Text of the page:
NEW YORK (TheStreet) -- Earlier this week, I became one of the first people on U.S. soil to drive the Nissan electric minivan. If all testing goes well, it may be in U.S. Nissan dealerships approximately a year from now.
Recall that Nissan delivered its first all-electric LEAF family car in December 2010, and passed 110,000 units earlier this year. The carpool lanes in California are so jammed with LEAFs, it almost looks comical.
For all of Nissan's success with the LEAF, however, there are many people who simply want some form of larger and/or taller car. As is oft-discussed in the auto world and in online forums, some people need to fit in more people, some people need to fit in more luggage, and yet others just prefer a taller car because they are taller, older, or have stiffer backs.
The electric car world is screaming for more minivans. Tesla
(TSLA - Get Report) figured this out a long time ago.
Tesla plans to start manufacturing the Model X minivan in 2015, if the development schedule is fully executed; they originally scheduled first deliveries for December 2013. Just by showing a concept car in February 2012, Tesla allegedly has taken more than 12,000 deposits ranging from $5,000 to $40,000 apiece.
However, the Tesla Model X will likely cost close to $80,000 to start, and have an average selling price of at least $105,000, with fully loaded models going for closer to $135,000. That's a lot of money. What if you wanted to pay one third as much -- $35,000 -- for an electric minivan?
That's where Nissan comes in.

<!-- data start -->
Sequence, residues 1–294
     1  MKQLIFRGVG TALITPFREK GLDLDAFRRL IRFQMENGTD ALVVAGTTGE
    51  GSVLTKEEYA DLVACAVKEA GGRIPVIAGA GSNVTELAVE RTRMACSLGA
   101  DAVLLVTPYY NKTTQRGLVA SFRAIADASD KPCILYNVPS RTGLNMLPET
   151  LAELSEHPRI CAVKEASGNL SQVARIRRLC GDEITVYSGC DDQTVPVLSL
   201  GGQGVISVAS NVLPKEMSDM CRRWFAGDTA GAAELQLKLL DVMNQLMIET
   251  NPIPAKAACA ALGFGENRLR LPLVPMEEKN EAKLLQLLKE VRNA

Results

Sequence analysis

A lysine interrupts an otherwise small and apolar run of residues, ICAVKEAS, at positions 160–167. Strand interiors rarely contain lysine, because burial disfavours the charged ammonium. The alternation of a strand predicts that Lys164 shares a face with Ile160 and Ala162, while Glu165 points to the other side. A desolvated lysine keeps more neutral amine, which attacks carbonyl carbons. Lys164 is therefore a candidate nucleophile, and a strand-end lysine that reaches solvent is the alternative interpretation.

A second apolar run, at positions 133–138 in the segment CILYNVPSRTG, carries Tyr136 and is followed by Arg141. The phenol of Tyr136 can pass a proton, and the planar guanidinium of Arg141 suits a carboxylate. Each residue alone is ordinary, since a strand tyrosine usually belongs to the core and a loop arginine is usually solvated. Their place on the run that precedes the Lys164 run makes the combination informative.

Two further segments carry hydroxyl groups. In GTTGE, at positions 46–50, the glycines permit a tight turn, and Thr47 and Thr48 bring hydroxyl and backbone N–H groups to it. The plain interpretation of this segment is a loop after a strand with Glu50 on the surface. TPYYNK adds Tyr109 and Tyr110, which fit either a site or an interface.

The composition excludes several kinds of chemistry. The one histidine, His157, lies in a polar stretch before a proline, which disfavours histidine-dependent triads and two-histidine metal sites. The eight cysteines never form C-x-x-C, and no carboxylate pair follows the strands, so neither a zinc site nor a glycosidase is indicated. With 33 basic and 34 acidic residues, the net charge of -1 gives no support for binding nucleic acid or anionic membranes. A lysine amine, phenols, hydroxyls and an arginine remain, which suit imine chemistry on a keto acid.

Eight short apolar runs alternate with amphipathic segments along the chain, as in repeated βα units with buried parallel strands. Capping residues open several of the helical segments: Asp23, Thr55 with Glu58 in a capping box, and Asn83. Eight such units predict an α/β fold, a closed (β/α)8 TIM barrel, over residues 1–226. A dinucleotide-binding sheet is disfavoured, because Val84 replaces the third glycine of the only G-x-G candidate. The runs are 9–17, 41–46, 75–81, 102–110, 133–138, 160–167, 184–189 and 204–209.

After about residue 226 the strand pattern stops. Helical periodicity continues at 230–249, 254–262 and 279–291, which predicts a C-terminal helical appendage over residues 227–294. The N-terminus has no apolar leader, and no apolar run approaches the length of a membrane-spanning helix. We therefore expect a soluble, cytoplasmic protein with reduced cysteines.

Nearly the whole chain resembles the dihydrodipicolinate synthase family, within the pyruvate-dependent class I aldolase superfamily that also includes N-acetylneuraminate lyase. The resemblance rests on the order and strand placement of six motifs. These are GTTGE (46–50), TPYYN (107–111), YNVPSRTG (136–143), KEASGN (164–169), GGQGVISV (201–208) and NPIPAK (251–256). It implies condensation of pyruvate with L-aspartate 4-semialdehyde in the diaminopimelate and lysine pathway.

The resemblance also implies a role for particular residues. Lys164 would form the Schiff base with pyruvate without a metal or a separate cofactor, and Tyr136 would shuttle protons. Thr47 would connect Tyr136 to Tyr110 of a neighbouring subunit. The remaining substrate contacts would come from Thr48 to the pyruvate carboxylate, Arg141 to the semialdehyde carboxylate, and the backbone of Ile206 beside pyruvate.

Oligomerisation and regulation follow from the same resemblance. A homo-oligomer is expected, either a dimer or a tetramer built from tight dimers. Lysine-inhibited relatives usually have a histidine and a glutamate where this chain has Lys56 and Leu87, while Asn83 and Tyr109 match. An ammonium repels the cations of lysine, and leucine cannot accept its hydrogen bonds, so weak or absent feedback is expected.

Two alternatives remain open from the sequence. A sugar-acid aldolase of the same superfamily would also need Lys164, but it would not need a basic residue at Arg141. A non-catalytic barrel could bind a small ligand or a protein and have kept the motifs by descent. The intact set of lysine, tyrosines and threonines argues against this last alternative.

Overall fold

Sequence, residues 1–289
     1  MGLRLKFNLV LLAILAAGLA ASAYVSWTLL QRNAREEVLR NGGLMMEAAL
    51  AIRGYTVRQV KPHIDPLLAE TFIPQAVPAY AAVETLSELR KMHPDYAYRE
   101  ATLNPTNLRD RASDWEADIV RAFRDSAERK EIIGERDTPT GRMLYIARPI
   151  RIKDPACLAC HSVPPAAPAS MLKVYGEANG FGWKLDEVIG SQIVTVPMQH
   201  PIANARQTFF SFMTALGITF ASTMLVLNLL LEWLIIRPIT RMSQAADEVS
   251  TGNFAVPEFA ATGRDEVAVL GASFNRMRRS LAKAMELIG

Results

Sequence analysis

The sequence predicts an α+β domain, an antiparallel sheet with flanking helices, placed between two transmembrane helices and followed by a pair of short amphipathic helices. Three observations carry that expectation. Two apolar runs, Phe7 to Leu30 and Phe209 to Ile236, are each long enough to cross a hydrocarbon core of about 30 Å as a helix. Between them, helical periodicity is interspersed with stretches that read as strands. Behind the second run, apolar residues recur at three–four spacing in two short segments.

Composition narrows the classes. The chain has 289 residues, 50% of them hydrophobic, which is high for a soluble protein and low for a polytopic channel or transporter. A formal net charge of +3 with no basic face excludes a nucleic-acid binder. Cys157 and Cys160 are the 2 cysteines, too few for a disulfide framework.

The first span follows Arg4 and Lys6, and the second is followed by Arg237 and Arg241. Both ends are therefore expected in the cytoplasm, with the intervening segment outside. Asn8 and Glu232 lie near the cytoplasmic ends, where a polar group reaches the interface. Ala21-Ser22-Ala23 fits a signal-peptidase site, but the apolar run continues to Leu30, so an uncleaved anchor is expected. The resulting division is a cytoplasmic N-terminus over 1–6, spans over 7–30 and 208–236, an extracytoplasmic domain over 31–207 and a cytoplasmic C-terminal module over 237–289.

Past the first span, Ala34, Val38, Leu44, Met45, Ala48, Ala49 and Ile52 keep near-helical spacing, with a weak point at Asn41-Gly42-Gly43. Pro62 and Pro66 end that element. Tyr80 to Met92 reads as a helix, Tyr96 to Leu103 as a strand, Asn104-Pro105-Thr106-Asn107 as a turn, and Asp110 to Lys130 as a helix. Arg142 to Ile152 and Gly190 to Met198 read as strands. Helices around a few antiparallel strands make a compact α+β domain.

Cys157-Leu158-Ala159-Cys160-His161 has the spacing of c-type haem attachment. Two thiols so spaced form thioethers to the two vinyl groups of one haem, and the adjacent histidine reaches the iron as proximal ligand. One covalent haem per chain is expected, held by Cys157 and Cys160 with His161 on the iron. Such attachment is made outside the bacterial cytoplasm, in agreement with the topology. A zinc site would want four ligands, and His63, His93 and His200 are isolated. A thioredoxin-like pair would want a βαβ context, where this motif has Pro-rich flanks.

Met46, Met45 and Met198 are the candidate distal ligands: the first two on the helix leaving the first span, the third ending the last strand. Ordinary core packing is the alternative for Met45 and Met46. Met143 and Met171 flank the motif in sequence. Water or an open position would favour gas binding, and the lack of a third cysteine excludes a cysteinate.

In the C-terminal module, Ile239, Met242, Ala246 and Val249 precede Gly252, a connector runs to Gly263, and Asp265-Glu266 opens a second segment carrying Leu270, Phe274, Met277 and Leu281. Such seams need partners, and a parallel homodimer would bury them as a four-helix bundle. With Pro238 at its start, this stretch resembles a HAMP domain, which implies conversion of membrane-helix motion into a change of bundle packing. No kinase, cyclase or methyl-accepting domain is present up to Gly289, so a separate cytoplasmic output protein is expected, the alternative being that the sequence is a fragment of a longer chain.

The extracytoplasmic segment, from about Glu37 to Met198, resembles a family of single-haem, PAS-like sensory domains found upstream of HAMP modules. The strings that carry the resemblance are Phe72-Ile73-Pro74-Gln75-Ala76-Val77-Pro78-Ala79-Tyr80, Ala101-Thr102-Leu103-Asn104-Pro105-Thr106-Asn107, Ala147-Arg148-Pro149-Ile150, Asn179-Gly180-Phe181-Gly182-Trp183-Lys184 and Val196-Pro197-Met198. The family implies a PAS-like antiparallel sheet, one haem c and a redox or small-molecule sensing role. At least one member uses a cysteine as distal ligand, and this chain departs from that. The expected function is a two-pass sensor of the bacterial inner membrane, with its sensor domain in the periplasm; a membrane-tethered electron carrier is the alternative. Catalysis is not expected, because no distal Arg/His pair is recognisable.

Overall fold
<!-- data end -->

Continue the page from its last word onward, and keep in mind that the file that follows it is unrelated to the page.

If Nissan delivers its new electric minivan for $35,000, you would be able to buy three of them for the expected average price of one Tesla Model X. That may be an attractive proposition for many U.S. families and small businesses.
Fortunately for Nissan, it had already developed a highly utilitarian minivan, which it is already selling around the world. It's becoming a taxicab favorite in the world's largest cities, and I'm seeing more of them every day serving as urban delivery vans.
Given the physical properties of a front-wheel drive minivan, it was extremely easy to repurpose for battery-electric drive. Production started in May 2014 in Nissan's gigafactory in Barcelona, Spain, for deliveries in the European markets.
I drove the Nissan electric minivan only briefly, but some impressions are clear:
1. The seating position is bad:
The distance between the pedals and the steering wheel is way too short. It is ideal for people with extremely short legs. The steering wheel does not telescope. To make it comfortable, you would need it to telescope away from the pedals almost two feet. As it stands, your legs need to be short, but your arms need to be long like an Orangutan. (I am 6 feet tall, with normal, human arms.)
2. There is lots of headroom:
This compensates in part for the lack of a telescoping steering wheel. You can sit more upright, without coming even near hitting your head in the ceiling.
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